Who's Your Daddy? - Neural Correlates of Female Infidelity and Male Certainty

 

Dinner and social hour begin at 7:00 pm with an approximately hour-long presentation and question-and-answer session to follow.

 

Our Speaker
Steven Platek, Associate Professor of Psychology
Georgia Gwinnett College

Steven Platek's research focuses on evolutionary cognitive neuroscience, the newest science of the mind. He is editor-in-chief of Frontiers in Evolutionary Neuroscience and co-editor of the journal Evolutionary Psychology. In addition, he is co-author of several books, including Female Infidelity and Paternal Uncertainty and Foundations in Evolutionary Cognitive Neuroscience.

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  • Beth

    Another interesting talk, well presented. It would be great to hear more from this presenter. Thanks for organizing this.

    March 27, 2011

  • Andy

    An extremely interesting talk, well presented by an excellent speaker. I enjoyed it greatly and I was quite surprised by some of the facts brought to light in the course of the presentation.

    March 27, 2011

  • Liz F

    This was one of the most interesting and entertaining talks so far!

    March 27, 2011

  • bev

    Only complaint was that the presentation was too short! Could we start earlier next time?

    March 27, 2011

  • Robert S.

    Materail fresh and interesting. Presentation well informed and well delivered. Posted criticism appears to be restricted to one point, with no reference to the overall excellence of the talk. A worthwhile evening.

    March 27, 2011

  • Judy M.

    Fascinating and entertaining presentation; wish we had even more time. Stimulated good conversation around our table and much food for thought.

    March 27, 2011

  • Marc M.

    Steven's talk was informative, entertaining and, if the immediate discussion that it has generated is any indication, very thought-provoking. This is Science Tavern at it's best - educating people and getting them talking about important issues!

    March 27, 2011

  • John

    Dr. Platek is a knowledgable, entertaining and dynamic speaker.
    I hope AST has him back soon!

    March 27, 2011

  • David N.

    Very entertaining talk

    March 27, 2011

  • Marc M.

    I've created a thread on our message board to continue this discussion for those interested. (Comments here seem too confining.)

    http://www.meetup.com/AtlantaScienceTavern/messages/boards/thread/10613655/#[masked]

    March 27, 2011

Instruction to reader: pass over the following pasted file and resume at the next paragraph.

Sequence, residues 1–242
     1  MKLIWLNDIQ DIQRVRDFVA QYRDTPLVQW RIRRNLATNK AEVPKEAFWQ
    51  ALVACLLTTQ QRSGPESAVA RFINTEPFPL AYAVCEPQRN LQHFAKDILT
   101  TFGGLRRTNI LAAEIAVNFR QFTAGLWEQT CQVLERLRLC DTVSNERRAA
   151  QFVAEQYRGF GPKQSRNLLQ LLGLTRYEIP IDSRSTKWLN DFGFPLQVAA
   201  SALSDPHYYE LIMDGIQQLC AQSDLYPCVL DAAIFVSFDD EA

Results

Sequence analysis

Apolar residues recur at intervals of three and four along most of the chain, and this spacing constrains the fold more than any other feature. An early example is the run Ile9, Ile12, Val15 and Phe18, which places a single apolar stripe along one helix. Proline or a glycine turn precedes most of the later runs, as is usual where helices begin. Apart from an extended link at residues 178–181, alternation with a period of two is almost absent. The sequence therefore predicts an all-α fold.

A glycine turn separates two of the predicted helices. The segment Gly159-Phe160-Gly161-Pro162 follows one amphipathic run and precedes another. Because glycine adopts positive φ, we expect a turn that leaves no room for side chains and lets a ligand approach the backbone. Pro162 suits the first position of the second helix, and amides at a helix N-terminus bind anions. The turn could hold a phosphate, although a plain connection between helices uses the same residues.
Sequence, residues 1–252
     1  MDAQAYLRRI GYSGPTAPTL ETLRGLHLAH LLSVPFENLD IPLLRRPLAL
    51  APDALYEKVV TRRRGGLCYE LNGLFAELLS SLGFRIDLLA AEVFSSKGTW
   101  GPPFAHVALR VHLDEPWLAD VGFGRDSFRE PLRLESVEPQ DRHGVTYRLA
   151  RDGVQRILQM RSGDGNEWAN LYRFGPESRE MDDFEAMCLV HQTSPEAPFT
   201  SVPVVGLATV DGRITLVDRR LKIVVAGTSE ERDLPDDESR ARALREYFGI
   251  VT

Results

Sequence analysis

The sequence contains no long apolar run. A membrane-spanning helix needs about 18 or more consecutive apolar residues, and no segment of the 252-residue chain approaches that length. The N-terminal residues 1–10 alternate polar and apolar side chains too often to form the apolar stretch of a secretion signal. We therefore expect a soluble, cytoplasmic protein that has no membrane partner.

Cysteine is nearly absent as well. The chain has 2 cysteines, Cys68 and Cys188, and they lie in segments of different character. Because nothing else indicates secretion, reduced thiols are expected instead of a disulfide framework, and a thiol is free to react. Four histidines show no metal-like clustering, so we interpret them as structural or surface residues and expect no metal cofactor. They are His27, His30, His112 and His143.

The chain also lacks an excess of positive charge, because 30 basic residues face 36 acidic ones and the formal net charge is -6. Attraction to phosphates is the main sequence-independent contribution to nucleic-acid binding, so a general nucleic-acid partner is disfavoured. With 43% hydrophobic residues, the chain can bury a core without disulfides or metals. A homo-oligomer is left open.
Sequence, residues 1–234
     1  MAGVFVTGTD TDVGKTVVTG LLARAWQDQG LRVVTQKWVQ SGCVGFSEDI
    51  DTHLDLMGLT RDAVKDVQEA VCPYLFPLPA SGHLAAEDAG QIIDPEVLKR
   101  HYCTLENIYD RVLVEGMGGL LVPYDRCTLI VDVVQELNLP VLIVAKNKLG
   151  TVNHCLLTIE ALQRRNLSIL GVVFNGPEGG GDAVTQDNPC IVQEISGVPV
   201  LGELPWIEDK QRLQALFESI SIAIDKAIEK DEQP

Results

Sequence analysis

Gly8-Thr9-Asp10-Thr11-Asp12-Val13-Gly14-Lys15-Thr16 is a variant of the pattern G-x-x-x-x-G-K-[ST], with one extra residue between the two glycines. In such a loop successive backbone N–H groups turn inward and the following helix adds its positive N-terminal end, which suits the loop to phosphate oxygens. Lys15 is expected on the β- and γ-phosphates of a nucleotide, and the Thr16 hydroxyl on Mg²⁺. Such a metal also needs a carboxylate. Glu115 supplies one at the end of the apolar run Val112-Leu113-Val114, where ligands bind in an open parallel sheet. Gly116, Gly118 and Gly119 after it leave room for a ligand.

• Marc M.

    My recollection concurs entirely with Bev's (a.k.a. amn), The studies Steven cited had nothing to do with anyone *seeking* a paternity test. Also, as far as I can remember, women's claims about paternity had nothing whatsoever to do with the investigation.

    March 27, 2011

  • bev

    My (unreliable) memory: He said "someone" did research in three different hospitals (USA, Canada, and ?) where they asked to test DNA after childbirth for a "family" research project -- so the dads had absolutely NO suspicions and didn't know what the research was for (It was implied that they did not get the results!). And all three locations yielded results where 33 -34% or the fathers "could not possibly" have been the true fathers. JFWIW based only on my memory of what was said.

    Bev

    March 27, 2011

  • Elizabeth

    The figure of about 30% misattributed paternity is wrong. The article he cites is a study of mis attributed paternity in couples requesting paternity testing not the general population (1). The real figure is less than 5% (2).

    1. American Association of Blood Banks, ?Parentage Testing Annual Report 1991.

    2. Michael Gilding (2005), 'Rampant Misattributed Paternity: The Creation of an Urban Myth,' in People and Place, Vol.13 No.2, page 1.

    March 27, 2011

  • Josh G.

    Very fascinating talk, Steven. Thank you!

    I was not clear on the source of the 34% of kids that were sired by men other than who the woman claimed.

    I see these numbers referenced from the American Association of Blood Banks:

    http://fathersforlife.org/mens_issues/advice_to_men.htm#AABB

    But, the PDFs they link to no longer work.

    Does it mean 30% of times men who inquired were found not the father? Is the 34% random, without suspicion, or is it also result of suspicion-based inquiry?

    March 27, 2011

  • A former member
    A former member

    Super! Very good speaker, highly entertaining and informative.

    March 27, 2011

  • Steven & Austen P.

    Thanks Jessi! :-)

    March 21, 2011

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